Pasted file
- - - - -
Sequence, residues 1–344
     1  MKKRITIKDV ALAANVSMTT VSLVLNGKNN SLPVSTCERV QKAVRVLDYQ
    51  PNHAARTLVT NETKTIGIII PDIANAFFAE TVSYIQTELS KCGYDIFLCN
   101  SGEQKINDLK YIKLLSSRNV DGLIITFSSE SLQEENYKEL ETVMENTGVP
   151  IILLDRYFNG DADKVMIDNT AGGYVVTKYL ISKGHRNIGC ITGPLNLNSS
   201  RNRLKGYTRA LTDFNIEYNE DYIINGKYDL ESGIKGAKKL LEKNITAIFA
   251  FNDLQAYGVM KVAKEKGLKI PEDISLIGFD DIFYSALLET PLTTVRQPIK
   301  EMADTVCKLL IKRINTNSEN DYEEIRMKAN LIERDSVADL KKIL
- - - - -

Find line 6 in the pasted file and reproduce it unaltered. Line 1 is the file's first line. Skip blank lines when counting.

   201  RNRLKGYTRA LTDFNIEYNE DYIINGKYDL ESGIKGAKKL LEKNITAIFA